BOSTON (AP) – The top executive of JPMorgan Chase & Co. on Tuesday railed against the nation’s political leadership – but didn’t name names – saying government too often proposes solutions that appeal only to “the madness of the crowd” while letting complex issues such as energy policy go unresolved.

“We’ve seen this consistently – an oversimplifying and casting aside of issues and facts,” Jamie Dimon said in panel discussion on leadership issues at Harvard Business School, where Dimon earned an MBA in 1982.

When complex matters come before lawmakers on issues such as financial regulation and energy policy, many politicians are often unwilling to embrace appropriate policy solutions “because they say they’re not politically feasible,” Dimon said.

Dimon, who is chairman and chief executive of JPMorgan Chase, one of the biggest U.S. banking companies, acknowledged there’s plenty of blame to go around in the banking industry amid a financial crisis that has taken down several of his company’s key rivals.

But as his industry works with the government and Congress to create new regulations, Dimon is disinclined to place any more trust in government than in industry.

“I think the companies are more charitable than the average congressman, and probably more honest,” he said.

Speaking to more than 1,000 business leaders at a “Global Business Summit” celebrating Harvard Business School’s 100th anniversary, Dimon did not give names of specific leaders he believes were ignoring complex issues or being dishonest.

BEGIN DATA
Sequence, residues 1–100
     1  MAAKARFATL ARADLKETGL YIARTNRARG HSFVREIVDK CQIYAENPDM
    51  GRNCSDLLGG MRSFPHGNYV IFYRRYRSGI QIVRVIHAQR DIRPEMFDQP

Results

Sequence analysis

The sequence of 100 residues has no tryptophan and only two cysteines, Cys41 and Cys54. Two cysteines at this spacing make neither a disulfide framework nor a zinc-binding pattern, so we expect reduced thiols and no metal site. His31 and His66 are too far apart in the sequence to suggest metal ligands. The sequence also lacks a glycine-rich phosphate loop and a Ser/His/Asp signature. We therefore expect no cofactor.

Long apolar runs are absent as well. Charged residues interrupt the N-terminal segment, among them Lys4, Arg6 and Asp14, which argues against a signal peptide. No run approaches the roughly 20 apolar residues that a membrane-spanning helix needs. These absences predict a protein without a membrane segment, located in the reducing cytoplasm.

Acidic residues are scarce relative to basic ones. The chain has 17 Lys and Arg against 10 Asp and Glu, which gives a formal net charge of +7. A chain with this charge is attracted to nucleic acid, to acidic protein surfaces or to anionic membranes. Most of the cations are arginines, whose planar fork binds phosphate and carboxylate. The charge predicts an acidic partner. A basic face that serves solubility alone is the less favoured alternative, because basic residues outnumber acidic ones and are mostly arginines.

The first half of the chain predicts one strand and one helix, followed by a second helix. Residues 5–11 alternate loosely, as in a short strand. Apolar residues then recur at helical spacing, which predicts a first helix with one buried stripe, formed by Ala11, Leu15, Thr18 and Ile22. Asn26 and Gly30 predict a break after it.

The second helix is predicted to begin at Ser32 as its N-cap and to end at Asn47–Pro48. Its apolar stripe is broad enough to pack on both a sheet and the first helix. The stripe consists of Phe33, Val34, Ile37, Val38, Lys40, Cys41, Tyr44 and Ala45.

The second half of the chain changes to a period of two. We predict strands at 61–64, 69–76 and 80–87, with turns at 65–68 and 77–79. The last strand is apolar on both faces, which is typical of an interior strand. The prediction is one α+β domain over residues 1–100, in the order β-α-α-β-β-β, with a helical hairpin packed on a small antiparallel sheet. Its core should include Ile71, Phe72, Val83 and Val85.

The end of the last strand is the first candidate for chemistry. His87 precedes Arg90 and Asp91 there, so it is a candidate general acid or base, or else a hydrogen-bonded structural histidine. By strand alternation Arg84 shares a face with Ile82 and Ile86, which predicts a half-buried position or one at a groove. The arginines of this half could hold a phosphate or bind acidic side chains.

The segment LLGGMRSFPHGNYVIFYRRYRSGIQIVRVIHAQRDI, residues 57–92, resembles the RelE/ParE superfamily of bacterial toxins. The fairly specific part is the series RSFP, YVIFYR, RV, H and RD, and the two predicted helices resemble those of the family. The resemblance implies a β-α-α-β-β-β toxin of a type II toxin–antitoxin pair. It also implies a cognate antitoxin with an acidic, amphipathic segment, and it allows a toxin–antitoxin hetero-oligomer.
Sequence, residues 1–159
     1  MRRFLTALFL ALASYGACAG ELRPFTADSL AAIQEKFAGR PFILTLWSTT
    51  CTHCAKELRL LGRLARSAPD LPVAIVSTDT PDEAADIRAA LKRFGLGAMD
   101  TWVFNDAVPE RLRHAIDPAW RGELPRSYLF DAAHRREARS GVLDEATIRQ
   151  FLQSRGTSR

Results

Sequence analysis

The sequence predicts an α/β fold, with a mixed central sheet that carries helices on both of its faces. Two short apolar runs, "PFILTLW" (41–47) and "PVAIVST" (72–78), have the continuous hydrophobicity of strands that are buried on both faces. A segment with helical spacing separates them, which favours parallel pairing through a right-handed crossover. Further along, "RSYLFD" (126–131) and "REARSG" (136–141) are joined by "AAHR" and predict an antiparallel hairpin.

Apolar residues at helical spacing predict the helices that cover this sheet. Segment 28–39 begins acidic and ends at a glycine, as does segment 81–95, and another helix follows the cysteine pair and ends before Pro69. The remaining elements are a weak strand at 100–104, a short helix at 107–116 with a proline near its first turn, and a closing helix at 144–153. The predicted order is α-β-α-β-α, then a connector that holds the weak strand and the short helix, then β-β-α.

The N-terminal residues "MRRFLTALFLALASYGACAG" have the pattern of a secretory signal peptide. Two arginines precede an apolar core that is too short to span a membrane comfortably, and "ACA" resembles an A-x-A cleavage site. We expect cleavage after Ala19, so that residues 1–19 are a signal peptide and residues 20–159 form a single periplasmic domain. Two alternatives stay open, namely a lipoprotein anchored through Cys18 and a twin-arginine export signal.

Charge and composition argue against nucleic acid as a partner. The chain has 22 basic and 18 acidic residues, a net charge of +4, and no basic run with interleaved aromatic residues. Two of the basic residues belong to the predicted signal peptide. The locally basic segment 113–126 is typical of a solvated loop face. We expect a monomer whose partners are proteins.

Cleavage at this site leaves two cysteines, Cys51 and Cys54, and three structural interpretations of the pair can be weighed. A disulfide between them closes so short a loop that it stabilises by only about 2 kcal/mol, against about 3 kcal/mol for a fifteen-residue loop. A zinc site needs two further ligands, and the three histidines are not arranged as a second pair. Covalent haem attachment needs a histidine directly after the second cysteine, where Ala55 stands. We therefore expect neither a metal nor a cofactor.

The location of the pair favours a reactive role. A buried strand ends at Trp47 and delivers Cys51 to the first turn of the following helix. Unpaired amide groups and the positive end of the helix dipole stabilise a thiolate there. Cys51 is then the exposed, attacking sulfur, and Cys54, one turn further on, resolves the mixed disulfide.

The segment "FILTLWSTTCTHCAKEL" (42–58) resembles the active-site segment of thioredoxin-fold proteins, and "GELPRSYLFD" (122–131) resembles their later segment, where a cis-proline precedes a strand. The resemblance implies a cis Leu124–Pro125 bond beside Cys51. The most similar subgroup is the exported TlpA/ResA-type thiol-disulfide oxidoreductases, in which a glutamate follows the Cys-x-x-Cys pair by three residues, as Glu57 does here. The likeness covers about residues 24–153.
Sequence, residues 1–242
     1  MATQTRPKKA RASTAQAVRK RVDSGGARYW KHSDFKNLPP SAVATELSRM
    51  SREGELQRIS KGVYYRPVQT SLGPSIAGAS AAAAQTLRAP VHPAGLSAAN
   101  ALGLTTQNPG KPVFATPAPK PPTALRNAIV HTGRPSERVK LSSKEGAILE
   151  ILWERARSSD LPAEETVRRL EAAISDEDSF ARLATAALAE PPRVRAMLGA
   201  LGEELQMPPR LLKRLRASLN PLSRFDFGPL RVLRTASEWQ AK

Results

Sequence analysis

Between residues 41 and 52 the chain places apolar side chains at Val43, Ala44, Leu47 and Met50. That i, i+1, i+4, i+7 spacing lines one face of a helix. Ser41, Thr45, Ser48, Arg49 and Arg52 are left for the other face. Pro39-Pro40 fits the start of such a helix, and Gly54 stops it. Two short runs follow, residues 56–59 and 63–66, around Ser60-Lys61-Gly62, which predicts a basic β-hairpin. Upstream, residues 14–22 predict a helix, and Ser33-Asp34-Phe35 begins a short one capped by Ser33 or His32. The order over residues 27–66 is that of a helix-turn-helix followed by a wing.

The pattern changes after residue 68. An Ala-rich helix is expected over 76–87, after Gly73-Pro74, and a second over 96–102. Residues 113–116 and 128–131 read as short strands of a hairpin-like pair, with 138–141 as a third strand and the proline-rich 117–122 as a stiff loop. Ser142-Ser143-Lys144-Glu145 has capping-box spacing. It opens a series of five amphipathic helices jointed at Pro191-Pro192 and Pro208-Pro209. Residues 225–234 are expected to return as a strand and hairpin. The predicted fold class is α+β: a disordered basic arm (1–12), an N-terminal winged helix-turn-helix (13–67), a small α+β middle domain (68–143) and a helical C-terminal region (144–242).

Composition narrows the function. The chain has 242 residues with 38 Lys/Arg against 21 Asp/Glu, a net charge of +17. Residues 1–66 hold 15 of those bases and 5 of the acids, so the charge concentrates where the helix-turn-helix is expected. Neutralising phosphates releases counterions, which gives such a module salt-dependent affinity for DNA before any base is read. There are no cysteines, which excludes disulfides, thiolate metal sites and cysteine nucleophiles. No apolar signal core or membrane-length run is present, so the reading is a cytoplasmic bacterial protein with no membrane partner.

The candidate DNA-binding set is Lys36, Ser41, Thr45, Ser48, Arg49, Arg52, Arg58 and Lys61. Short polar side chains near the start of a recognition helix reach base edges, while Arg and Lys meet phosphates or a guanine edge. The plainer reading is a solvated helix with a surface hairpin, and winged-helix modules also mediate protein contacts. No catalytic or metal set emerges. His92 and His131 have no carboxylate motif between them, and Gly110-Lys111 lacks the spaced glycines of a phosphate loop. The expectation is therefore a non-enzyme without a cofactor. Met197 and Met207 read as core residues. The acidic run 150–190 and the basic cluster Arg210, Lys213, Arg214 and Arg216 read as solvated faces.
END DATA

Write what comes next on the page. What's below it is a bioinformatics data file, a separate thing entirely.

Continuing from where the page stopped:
But he singled out energy policy and the nation’s dependence on foreign oil as problems that politicians have been unwilling to tackle in any comprehensive way since an oil shortage shook the nation in 1974.

“That train is going to hit us again,” Dimon said. “We are unable to make the decisions to make this country healthy.”

Dimon advocated taxing oil as it’s pumped from the ground, rather than simply taxing gasoline at the pump.

Such a step, he said, would likely prove politically unpopular because it would raise fuel costs, and would not appeal to “the madness of the crowd.” But he said it would help usher in a needed shift to more fuel-efficient cars and energy-efficient appliances, as consumers and business try to adjust to higher energy prices, he said.

One of Dimon’s fellow panelists, General Motors Corp. Chairman and CEO Rick Wagoner, said Dimon’s suggestion of taxing oil pumped from the ground would bring greater pressure on the auto industry to produce more efficient vehicles, and put his firm at risk of “trying to sell people cars they don’t want to buy.” But Wagoner also acknowledged the need to step up government efforts to encouarge more fuel-efficient vehicles.

Wagoner said companies across all industries need to be more cautious in their approach to the federal government. Too often, he said, they try to pressure political leaders to embrace policies that address only their company’s narrow agenda.

“This issue of a little more statesmanship on the part of business leaders is crucial,” Wagoner said.


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